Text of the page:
I like the motion in this one.
Update: Those great examples of depth and atmosphere in a composition are no longer available. One was not included in the redesign of Harold’s site, and the other one, “Nightwatch”, was severely reduced in size. What a shame.
These two pieces by Harold Farley are great examples of giving a composition a sense of depth and atmosphere. Both of these are wonderful. I’m guessing he is using an airbrush to lay down the foggy backgrounds.
[images were here]
I’ve been wondering why I like some scratchboard images more than others, even if the skill level is high. It must have been subconscious at first when I started becoming uncomfortable with the trend to render a subject and leave it floating on a background of solid black. It’s something I have done with my own work, but as time went by I started wondering why I was doing it.
A possible reason for this trend in scratchboard is that a dramatically-lit subject coming out of the darkness has a “cool” factor that gets comments and kudos – nothing wrong with that. Also, after working so hard rendering the subject, it is nice to consider the work finished and to not worry about the background, especially if you feel you just conquered Everest in the details of the subject alone. Speaking for myself, I think it has to do with risk. When it really comes down to it, there is risk involved in adding background or foreground elements. It takes planning, and it takes time to add that additional level of finish. And yet, in the long run, I see a great deal of value in it. Subconsciously I must have been seeking it out because most of the work I find on the net and talk about in my blog has either a background, or additional elements that fill the composition and make it interesting. I finally became aware of what I was doing in my conscious mind and thought I would write about it.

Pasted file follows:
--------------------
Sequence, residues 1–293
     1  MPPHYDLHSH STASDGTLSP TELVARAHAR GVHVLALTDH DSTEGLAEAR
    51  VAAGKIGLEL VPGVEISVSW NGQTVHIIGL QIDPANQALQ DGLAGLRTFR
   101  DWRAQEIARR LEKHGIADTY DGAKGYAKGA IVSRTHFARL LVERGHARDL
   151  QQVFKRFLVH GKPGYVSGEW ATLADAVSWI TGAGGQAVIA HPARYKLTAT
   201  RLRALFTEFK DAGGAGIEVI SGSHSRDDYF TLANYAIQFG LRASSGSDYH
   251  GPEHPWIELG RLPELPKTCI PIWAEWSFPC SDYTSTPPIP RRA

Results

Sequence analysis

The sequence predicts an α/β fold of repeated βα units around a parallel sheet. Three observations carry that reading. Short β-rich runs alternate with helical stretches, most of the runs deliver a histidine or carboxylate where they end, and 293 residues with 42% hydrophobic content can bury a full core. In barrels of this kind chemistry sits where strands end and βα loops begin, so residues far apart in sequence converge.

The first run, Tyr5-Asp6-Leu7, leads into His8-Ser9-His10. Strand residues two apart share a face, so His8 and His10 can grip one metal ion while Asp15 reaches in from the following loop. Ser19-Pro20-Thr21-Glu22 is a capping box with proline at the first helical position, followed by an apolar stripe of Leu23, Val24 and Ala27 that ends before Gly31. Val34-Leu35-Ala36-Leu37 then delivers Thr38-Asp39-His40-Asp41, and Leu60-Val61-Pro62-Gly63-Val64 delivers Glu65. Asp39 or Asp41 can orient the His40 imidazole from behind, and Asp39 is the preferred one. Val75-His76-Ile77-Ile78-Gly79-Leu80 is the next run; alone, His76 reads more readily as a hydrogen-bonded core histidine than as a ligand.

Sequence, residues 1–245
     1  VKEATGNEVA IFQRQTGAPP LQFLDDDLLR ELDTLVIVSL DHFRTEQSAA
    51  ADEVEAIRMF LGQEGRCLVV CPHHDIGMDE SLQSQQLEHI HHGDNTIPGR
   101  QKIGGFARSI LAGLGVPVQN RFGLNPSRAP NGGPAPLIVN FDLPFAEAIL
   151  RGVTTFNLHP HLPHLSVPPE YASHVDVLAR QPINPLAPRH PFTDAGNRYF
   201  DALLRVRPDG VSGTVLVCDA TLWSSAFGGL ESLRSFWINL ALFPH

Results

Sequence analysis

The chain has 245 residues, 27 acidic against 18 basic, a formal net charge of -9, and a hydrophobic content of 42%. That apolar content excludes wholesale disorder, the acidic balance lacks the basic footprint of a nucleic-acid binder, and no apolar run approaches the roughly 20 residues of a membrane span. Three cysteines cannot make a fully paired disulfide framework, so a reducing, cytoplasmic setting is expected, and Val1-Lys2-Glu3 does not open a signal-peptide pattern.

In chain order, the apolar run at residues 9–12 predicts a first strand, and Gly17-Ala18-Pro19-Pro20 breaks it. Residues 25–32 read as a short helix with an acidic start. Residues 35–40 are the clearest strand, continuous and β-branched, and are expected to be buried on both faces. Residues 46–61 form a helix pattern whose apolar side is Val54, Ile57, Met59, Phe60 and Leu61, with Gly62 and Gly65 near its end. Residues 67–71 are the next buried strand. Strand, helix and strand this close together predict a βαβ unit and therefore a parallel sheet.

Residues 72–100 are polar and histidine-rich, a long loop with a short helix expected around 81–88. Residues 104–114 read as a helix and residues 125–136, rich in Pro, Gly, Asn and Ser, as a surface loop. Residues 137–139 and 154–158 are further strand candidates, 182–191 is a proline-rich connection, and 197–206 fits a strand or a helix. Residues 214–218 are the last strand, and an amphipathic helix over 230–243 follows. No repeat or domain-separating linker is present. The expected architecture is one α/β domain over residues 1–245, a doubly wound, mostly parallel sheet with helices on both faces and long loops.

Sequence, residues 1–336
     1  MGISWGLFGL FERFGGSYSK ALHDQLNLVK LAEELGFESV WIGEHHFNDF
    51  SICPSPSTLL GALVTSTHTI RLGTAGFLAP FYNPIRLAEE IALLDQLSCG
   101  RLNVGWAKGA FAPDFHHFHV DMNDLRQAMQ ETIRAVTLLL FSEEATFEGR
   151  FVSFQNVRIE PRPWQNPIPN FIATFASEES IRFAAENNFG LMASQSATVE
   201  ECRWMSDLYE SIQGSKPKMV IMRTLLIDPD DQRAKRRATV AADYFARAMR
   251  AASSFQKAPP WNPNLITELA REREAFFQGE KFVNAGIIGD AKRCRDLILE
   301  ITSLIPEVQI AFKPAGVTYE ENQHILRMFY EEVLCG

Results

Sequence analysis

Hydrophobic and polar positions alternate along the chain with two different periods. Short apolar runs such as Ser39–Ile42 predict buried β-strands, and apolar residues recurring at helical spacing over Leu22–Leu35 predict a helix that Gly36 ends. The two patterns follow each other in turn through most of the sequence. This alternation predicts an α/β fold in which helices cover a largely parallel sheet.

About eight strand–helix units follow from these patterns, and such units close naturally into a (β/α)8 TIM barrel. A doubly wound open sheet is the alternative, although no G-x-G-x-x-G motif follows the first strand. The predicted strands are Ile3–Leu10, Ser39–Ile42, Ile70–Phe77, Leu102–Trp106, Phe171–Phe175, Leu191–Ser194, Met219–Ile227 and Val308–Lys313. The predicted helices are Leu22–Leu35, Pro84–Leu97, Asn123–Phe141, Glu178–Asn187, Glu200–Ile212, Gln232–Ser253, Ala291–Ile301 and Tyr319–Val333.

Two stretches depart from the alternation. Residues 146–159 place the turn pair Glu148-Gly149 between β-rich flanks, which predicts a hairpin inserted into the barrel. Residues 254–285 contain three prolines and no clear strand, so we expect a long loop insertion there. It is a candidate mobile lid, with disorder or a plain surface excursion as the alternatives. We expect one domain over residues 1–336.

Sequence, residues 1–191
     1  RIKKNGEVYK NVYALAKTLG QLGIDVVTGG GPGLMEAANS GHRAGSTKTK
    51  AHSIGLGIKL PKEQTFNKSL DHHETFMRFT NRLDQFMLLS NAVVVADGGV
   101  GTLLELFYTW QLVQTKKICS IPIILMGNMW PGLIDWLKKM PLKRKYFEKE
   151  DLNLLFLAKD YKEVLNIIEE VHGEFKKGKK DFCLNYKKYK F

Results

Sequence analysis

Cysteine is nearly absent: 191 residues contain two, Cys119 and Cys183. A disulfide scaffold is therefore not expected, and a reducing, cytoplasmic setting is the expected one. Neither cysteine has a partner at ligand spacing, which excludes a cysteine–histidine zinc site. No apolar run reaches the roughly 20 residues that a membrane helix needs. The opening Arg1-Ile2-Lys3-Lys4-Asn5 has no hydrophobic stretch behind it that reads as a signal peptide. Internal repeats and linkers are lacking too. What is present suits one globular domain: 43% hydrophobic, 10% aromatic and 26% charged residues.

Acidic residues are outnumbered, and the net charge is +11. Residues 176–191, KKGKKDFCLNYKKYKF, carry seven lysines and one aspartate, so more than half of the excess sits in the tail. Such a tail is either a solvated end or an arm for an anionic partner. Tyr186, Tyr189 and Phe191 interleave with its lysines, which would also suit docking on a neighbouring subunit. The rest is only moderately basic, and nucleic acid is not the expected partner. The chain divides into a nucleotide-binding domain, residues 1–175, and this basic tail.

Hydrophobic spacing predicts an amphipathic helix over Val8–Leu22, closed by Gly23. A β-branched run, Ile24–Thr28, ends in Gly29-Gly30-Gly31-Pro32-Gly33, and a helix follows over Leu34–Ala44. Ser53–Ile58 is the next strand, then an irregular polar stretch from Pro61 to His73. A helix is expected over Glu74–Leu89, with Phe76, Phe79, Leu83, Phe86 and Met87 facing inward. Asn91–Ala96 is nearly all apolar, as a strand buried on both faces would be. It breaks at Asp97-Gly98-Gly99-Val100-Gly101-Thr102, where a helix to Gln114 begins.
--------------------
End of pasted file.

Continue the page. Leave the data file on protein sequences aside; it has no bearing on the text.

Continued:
Not every composition needs a background to be successful, but more and more I appreciate works that use most or all of the space in the composition. I like when a “somewhere” is at least implied, even if the piece is still a vignette.
I like the heavy, bold scratches on this one. Kay Leverton does a good job with the direction of the scratches in the background. They give energy to the composition and keep my eye interested. The texture of the fur is what I like best about this.
I know woodcuts aren’t scratchboard, but the finished product is often very similar. I like how Rosamund Fowler uses the space in her compositions.
I don’t know the history of this conflict, and I don’t know much about Leslie Gilbert Illingworth. He didn’t seem to do a lot of scratchboard work for his political cartoons. What interests me here is the visual journey. The composition keeps my eye moving around it. There isn’t a lot of detail, but the high contrast light reveals the story in silhouette.
“Booda” is the name on the Flickr account. This piece is seriously cool. It’s a crop of a larger image. I like this cropped version best.